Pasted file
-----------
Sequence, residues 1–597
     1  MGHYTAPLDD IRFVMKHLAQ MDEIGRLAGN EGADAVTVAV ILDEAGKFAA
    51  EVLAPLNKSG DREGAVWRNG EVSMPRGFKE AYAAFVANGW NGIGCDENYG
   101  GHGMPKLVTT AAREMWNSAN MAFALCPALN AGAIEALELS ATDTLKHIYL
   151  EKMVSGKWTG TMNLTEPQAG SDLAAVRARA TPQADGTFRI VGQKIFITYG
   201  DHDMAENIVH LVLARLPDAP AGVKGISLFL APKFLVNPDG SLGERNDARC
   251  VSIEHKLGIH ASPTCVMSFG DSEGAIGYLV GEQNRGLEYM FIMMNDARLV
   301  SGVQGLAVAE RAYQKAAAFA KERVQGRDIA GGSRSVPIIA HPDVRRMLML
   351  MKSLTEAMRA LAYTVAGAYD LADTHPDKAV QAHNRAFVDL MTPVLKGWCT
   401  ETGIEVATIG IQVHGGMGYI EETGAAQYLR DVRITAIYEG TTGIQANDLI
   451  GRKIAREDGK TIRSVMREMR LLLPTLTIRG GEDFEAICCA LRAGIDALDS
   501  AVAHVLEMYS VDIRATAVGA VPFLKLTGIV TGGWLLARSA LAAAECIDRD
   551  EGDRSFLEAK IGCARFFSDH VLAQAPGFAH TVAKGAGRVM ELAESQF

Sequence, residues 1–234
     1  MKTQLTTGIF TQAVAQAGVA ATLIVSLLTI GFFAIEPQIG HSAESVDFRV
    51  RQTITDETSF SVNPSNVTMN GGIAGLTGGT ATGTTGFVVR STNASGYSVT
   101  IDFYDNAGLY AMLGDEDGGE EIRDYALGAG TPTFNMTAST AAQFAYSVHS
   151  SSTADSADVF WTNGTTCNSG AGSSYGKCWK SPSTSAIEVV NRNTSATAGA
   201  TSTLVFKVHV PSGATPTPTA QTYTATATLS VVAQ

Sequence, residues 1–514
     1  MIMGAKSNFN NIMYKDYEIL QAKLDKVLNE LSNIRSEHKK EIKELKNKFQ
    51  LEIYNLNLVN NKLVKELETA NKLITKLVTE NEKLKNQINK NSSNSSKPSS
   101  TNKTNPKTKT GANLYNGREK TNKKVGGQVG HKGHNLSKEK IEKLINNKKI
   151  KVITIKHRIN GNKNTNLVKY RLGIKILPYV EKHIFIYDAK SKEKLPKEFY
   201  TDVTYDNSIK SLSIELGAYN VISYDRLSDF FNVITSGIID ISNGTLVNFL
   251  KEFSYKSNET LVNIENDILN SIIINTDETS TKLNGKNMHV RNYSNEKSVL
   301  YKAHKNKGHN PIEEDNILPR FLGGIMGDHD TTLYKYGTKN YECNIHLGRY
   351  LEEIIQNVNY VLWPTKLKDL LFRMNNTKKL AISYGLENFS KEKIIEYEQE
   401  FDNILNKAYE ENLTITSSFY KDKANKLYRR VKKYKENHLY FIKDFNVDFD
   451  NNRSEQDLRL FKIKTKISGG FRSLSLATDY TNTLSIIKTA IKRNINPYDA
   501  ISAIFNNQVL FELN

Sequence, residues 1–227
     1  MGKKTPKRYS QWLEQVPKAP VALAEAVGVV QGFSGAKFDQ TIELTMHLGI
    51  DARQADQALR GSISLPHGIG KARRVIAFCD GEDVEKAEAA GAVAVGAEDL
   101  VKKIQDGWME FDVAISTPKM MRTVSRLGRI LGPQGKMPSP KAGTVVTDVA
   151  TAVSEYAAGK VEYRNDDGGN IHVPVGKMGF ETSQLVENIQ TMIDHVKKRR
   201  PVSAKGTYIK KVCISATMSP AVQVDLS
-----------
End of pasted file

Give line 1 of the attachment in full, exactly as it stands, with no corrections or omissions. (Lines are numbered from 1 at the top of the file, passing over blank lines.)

Sequence, residues 1–597